The Responsible Citizen Seminar at PCC


Members of our community ...


Have you had it with oversimplified & manipulative political communication? 

Would you like to examine complex social issues in an atmosphere of respect & intelligence?   Then this seminar is for you.   It’s especially designed for busy, responsible citizens – take your pick of time and place:


   Monday evenings from 6:40-9:40 p.m. at PCC, starting February 23, 2009


 ● Thursday evenings from 6:40-9:40 p.m. at PCC starting February 26, 2009


        This special class, offered as part of PCC’s spring semester, provides citizen-thinkers with practical tools to help them meet the awesome challenges they face in the 21st Century.  Each participant will focus on a major public policy issue of interest to him/her, and will practice applying a variety of ethical decision making tools to better analyze this issue. 

             These tools include: argument analysis, research skills, handling informational complexity, examining cultural & psychological influences on political decision-making, and becoming acquainted with some major ethical theories from the Western and non-Western traditions. 

             Finally, participants will work together in groups and build on each other’s strengths, so that they can better confront the “mess” that is our geo-political environment.  Seminars will also include a special research tutorial at PCC’s Shatford Library and visits from guest faculty members.  For busy, working adults who are concerned about the potential workload, they can take the course for a “credit/no credit” designation.  

             Tuition for the class is $73. The seminar is facilitated by Dr. Linda Handelman, Associate Professor of Philosophy at Pasadena City College.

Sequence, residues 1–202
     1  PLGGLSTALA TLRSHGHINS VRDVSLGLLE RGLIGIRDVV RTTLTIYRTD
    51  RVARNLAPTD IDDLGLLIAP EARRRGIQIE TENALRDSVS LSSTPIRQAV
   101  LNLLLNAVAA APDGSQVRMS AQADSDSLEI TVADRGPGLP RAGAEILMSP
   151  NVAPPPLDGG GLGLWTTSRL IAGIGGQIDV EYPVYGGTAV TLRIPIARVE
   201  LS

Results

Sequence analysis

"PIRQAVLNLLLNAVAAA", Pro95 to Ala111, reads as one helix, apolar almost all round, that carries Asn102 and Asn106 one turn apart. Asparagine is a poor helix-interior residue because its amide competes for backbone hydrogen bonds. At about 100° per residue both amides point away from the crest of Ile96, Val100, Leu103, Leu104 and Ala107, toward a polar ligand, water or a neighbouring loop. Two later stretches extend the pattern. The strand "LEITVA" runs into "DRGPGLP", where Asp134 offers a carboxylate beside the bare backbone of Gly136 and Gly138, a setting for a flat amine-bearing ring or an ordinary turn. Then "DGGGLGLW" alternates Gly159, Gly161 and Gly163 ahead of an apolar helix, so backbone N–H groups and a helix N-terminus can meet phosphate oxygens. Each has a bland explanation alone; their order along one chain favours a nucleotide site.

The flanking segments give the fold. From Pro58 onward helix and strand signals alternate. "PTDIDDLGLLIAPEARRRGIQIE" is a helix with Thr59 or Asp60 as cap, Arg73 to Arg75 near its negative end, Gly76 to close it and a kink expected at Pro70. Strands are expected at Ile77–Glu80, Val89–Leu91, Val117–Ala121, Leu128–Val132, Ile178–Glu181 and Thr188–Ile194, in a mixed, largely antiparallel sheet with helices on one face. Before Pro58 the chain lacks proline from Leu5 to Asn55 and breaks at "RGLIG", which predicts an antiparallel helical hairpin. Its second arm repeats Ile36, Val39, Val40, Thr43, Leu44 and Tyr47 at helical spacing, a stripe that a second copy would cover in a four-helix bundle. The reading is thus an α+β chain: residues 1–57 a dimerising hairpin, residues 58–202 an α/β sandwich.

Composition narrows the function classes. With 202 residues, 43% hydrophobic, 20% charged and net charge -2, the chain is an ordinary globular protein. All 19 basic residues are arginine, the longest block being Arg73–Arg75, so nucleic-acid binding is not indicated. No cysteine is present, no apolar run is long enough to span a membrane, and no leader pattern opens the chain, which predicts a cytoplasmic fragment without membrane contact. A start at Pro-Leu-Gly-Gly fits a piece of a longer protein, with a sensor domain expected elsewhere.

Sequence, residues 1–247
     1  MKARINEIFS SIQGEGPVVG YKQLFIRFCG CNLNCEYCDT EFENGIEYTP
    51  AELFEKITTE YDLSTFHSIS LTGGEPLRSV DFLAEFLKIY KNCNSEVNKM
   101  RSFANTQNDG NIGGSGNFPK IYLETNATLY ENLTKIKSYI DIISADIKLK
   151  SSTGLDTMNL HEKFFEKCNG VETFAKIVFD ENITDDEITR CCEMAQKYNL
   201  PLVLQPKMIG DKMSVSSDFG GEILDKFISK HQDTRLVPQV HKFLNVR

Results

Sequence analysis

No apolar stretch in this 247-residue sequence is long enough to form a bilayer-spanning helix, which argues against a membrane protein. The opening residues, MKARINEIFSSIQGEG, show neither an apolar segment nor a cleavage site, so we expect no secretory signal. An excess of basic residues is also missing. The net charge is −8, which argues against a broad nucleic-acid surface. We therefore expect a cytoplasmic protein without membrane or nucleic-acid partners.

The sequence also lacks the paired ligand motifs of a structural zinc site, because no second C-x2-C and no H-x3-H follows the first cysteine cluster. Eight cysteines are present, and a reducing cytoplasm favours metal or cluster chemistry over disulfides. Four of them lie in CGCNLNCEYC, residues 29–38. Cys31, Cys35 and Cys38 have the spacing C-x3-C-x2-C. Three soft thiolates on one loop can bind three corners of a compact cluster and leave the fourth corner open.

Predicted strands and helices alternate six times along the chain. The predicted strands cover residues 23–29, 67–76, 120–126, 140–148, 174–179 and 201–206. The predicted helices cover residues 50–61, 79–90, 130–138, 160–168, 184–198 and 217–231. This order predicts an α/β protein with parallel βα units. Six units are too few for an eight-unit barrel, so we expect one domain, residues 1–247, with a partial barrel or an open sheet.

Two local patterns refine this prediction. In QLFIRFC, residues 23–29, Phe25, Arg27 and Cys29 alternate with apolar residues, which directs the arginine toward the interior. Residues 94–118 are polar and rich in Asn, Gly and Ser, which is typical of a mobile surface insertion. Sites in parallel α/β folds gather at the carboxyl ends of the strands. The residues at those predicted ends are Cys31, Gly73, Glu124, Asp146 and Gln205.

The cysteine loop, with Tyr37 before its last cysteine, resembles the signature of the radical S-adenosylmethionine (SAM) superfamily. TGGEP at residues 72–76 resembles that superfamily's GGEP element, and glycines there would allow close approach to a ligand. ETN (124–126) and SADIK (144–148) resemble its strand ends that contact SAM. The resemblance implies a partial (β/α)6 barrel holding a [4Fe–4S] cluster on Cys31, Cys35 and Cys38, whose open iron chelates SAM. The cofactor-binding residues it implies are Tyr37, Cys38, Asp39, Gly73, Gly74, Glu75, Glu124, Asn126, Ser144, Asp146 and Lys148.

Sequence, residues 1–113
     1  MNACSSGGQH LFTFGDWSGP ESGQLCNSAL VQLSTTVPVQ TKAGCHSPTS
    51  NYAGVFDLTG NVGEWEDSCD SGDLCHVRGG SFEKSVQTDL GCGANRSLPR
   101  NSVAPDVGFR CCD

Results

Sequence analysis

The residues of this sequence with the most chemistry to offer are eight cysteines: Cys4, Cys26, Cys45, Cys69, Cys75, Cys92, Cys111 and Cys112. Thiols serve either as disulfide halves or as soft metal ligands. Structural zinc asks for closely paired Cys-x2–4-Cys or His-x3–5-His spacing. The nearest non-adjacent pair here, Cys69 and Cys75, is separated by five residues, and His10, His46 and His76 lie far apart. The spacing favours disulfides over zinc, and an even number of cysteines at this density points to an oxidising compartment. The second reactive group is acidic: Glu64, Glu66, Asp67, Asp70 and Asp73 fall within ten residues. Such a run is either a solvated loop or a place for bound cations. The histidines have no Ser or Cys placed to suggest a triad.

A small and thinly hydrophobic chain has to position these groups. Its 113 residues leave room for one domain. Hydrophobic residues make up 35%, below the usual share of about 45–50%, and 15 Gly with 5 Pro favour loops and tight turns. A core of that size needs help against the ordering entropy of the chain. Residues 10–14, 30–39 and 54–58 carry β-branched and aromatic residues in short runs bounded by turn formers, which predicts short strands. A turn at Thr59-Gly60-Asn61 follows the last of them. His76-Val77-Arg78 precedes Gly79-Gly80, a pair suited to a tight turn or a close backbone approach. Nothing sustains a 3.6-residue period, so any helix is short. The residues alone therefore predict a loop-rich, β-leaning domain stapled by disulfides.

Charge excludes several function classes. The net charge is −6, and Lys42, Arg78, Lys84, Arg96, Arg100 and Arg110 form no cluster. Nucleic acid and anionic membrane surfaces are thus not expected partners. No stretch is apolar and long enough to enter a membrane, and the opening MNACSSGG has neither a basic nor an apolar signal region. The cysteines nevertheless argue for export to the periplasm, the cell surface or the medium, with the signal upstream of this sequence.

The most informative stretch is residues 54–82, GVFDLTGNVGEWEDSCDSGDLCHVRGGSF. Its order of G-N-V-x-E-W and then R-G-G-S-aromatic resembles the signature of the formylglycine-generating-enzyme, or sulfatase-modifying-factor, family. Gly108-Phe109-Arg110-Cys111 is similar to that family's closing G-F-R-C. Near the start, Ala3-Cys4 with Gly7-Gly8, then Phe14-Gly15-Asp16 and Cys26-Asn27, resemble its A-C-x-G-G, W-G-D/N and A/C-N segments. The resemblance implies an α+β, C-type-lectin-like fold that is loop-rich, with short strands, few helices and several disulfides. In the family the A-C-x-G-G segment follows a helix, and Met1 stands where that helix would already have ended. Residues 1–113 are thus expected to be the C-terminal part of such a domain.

“A great experience–philosophically, intellectually, socially, and emotionally!” M.K.


“What a blessing to have civil discourse about a host of prickly topics among a

varying group of once-total strangers!  Thanks to Dr. Linda Handelman.”  J.S.


Enlightening Discussions

++ Guest Speakers, Congeniality & Snacks



    “We live in a pro-and-con world and this course provides the discipline to examine both sides of issues with marvelous results.”  G.S.


                         “The eclectic mixture of students and professionals made for

                                     an enriching and unique learning environment.” M.V.


      Class size is limited.  Although the class is also available to PCC students, we are making a special effort to reach out to responsible citizens from the community.  If you think you might be interested in participating or if you have any questions, please contact us as soon as possible and we will reserve a space for you for our Spring Semester class.   


Call Dr. Handelman’s office: (626) 585-7406 or

email philosopher_citizen@hotmail.com



Text Box: The Philosopher-Citizen Institute
Text Box: More Comments from Participants